Honour of the Crown as a constitutional principle is unique, says top court

·4 min read

The Supreme Court of Canada (SCC) has ruled that the honour of the Crown is a unique unwritten constitutional principle that may have the ability to invalidate legislation.

However, in its Oct. 1 decision in the case of Toronto v. Ontario, the SCC wrote, “We need not decide here whether the principle is capable of grounding the constitutional invalidation of legislation, but if it is, it is unique in that regard.”

The question was raised by the Métis Nation of Ontario and Métis Nation of Alberta (MNA) governments as interveners in a case that saw the city of Toronto challenge an Ontario law in 2018 which almost halved the number of councillors for the city.

Toronto said the province’s Better Local Government Act violated constitutional rights to freedom of expression and certain unwritten constitutional principles, such as democracy.

In a 5-4 split, the majority of the SCC ruled in favour of Ontario, saying that while unwritten constitutional principles can be used to understand and interpret the Constitution, they cannot be used as the basis to invalidate laws.

However, one paragraph of the SCC’s 115-page decision focused on the arguments put forward by the Métis governments as an “important caveat (that) … the unwritten constitutional principle of the honour of the Crown is sui generis.” Sui generis is a legal term meaning “of its own kind.”

Jason Madden of Pape Salter Teillet Law, legal counsel for the two Métis governments, admits that a case involving the number of councillors for the city of Toronto seems like an unlikely one to argue Indigenous law.

However, a statement by the Ontario Court of Appeal that unwritten constitutional principles cannot invalidate legislation raised a red flag for Madden.

“Be clear that the unwritten constitutional principle before (the court) is democracy (so) don't paint all unwritten constitutional principles with the same judicial brush because the honour of the Crown as a constitutional principle has become really important to modern-day Aboriginal law. It’s the element that modulates the relationship between the Crown and Indigenous peoples, that the Crown and the servants of the Crown have to act honourably,” said Madden.

When he raised the issue with his clients, they “thought it was important to protect it, not just for themselves, but for all Indigenous people.”

Of the 11 interveners that were heard, the Métis governments were the only Indigenous applicants.

Madden says it was important to get the MNA involved although the case was Ontario-based.

“The point of interveners is you get a broad-base understanding of how these cases may have overlapping or unforeseen consequences on other parts of the country or jurisdictions,” he said.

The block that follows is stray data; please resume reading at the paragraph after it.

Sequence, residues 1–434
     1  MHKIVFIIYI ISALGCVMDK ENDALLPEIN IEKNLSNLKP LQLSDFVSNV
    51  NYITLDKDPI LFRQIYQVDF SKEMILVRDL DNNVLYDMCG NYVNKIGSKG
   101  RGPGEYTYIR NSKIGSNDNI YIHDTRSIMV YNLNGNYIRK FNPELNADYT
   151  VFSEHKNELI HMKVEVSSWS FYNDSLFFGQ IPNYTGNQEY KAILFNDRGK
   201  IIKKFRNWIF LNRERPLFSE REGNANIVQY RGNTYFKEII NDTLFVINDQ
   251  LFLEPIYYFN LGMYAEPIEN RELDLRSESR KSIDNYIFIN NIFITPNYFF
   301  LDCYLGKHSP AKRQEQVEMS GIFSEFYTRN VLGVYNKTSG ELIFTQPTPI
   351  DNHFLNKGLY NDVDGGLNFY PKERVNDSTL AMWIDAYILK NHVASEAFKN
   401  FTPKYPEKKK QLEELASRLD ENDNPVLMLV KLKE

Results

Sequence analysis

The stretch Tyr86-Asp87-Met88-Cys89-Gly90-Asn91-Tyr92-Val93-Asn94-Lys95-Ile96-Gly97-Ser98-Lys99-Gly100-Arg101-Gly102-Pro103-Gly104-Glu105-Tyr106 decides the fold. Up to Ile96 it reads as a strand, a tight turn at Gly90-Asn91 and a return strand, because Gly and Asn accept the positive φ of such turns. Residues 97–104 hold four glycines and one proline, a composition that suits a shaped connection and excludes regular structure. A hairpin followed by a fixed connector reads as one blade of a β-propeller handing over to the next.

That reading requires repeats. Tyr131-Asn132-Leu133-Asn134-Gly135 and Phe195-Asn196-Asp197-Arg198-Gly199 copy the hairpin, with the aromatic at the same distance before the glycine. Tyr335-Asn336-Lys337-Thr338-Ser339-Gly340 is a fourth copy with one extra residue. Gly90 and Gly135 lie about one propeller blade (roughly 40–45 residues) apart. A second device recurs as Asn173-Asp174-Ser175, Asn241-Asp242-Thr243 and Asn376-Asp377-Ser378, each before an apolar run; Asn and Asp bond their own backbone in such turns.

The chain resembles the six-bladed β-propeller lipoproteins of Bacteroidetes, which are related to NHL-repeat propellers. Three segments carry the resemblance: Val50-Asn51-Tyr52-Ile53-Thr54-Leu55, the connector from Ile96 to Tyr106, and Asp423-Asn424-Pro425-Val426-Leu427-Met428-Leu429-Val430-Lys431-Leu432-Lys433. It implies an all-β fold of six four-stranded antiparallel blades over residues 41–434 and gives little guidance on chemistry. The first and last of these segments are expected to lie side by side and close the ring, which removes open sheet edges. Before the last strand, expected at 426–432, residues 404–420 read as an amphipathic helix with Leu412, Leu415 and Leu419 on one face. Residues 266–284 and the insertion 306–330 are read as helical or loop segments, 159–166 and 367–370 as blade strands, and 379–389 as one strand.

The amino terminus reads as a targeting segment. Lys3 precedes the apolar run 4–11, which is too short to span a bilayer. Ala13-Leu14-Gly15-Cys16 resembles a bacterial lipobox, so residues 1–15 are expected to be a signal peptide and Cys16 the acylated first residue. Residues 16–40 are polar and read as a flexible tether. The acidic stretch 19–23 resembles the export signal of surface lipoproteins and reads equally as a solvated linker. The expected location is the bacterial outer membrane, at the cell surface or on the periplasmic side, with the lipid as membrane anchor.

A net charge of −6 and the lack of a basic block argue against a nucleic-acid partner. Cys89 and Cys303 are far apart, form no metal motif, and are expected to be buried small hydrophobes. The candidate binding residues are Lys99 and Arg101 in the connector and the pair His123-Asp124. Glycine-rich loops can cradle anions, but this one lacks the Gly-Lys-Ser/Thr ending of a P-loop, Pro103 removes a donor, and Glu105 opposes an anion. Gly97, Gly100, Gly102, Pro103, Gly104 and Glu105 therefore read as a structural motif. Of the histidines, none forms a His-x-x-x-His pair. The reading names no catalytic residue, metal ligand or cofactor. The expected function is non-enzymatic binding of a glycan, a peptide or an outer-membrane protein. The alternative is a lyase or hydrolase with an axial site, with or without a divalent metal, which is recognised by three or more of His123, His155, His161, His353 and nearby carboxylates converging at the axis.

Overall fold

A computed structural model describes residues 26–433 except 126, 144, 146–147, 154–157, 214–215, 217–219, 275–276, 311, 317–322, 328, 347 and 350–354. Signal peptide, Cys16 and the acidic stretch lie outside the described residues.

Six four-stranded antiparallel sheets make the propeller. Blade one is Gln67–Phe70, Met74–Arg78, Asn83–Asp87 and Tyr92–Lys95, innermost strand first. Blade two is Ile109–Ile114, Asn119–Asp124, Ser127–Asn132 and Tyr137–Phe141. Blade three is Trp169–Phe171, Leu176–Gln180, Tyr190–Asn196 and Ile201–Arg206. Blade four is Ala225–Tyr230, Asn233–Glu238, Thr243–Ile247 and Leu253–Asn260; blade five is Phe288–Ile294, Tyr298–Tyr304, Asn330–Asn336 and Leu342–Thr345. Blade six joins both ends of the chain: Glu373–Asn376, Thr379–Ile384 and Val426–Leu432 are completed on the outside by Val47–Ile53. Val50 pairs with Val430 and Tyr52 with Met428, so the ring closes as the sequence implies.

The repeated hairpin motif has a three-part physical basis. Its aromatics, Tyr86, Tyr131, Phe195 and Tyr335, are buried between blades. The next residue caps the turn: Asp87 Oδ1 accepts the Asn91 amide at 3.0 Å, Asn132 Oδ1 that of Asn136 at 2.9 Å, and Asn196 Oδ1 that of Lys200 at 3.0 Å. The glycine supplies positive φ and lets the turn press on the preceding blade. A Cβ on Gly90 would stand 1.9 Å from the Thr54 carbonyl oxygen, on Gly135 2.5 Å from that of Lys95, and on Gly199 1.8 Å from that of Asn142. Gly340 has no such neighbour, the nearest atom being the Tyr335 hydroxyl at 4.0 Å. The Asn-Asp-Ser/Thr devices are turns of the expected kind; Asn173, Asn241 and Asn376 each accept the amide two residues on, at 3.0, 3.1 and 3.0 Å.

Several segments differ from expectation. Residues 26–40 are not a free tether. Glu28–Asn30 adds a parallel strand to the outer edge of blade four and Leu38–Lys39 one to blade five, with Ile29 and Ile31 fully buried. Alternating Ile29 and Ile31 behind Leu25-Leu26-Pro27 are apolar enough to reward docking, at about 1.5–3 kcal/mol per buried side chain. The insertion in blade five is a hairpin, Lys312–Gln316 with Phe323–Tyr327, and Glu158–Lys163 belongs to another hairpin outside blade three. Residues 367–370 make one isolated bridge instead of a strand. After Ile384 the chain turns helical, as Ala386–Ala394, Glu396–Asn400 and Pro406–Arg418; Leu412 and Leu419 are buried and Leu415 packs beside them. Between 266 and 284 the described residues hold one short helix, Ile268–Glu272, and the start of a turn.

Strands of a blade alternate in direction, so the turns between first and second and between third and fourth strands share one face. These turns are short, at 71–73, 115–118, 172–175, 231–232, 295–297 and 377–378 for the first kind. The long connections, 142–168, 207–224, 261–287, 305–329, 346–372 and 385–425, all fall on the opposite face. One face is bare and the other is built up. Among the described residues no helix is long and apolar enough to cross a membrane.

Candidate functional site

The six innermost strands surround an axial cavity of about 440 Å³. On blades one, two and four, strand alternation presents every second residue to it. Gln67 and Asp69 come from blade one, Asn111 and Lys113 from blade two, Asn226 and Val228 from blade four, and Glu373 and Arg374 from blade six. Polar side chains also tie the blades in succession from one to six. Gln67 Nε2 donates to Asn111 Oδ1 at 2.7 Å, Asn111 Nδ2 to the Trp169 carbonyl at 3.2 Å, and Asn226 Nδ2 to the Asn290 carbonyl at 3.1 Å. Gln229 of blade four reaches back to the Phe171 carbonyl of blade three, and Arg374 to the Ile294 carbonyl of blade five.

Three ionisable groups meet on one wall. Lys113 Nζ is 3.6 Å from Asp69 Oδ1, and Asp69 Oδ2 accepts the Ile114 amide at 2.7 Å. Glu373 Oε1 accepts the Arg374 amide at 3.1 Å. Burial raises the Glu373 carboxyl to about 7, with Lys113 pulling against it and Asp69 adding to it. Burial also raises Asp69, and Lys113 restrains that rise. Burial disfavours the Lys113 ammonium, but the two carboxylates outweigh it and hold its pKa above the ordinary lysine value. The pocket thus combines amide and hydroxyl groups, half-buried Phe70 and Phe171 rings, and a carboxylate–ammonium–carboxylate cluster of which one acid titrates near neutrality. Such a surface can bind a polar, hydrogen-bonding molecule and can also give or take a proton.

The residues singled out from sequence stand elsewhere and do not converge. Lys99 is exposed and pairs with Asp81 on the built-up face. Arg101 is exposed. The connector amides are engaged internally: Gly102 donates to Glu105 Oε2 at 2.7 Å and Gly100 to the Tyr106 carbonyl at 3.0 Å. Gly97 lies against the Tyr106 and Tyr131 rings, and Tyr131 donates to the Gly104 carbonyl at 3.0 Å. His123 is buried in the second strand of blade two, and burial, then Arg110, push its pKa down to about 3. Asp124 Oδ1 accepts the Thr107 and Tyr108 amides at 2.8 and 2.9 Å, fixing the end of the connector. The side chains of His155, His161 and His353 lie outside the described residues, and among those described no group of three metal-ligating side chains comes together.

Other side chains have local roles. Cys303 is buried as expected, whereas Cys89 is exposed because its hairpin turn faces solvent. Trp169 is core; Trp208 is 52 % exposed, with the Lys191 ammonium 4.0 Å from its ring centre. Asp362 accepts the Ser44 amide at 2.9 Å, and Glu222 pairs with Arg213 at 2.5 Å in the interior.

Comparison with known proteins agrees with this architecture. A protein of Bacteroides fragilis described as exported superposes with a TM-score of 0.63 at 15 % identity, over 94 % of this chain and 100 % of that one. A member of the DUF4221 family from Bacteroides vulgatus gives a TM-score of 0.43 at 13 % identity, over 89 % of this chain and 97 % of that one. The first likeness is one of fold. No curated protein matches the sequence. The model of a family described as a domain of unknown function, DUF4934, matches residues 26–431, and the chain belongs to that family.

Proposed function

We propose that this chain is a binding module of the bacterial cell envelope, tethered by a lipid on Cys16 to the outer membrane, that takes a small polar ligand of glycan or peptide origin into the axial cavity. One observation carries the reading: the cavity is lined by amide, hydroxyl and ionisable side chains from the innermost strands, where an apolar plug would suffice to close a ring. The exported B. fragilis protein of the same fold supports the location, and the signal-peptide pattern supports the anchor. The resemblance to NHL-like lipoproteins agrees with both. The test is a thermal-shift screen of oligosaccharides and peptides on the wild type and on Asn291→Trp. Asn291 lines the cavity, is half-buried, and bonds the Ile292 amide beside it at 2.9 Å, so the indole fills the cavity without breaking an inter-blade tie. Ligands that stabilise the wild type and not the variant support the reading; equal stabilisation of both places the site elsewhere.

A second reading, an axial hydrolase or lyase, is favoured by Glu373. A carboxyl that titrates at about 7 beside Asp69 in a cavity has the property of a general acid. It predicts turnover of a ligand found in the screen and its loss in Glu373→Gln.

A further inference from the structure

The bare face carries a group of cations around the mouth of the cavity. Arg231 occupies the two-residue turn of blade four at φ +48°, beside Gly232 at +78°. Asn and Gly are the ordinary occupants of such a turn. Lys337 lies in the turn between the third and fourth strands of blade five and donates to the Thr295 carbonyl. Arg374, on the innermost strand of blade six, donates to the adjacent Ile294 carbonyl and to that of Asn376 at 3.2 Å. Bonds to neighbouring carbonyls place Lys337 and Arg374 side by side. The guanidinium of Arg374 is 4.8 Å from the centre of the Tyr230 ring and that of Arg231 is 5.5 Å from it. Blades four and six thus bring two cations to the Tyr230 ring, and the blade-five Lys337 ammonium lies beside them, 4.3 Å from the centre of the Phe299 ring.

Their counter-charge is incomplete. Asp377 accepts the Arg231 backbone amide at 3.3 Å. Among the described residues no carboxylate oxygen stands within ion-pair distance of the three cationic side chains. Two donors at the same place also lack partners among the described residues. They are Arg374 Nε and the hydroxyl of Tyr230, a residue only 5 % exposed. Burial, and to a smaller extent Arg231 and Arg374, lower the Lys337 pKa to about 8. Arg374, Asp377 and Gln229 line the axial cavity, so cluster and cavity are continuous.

“That’s why they went in together, so we could also say when we were at the court, ‘this isn’t just … Métis from Ontario. This has broader implications for all Indigenous people’.”

In his 10-page written submission to the SCC, Madden wrote that the Métis governments intervened so the appeal did not “inadvertently and inappropriately set back the unique and coherent legal framework this Court has developed in relation to the honour of the Crown. The Métis Governments sit at the front lines of reconciliation and rely on this legal framework on a regular basis in their dealing with other governments.”

Madden points to the self-government negotiations that Métis governments are presently involved in with Canada. He says it’s important for Canada to be “aware” that the honour of the Crown applies.

Madden would have liked to have seen the SCC take a firm stand on the issue.

“We at least got the protection. They don’t say it is, they don’t say it isn’t, but they say we’re going to leave it for another day at least,” he said.

However, not all judges were as ambivalent.

Madden points to the dissenting opinion offered by retiring Justice Rosalie Abella.

“…The unwritten constitutional principle of the honour of the Crown has been affirmed by this Court and accorded full legal force,” wrote Abella.

In his written submission, Madden pointed out that there is “jurisprudence … that spanned over 30 years … on how the honour of the Crown gives rise to legally enforceable duties in specific fact situations.”

With this ruling, he admits, SCC has “left it for a specific set of facts that raise the issue. We’re just pleased that at least they gave that carve out to the honour of the Crown.”

Madden says the single paragraph in the SCC decision sends an important message to Canada: “While you may be able to dismiss these other constitutional principles now, you can’t entirely dismiss this one and it could reach in and potentially invalidate legislation in the future.”

Windspeaker.com

By Shari Narine, Local Journalism Initiative Reporter, Windspeaker.com, Windspeaker.com

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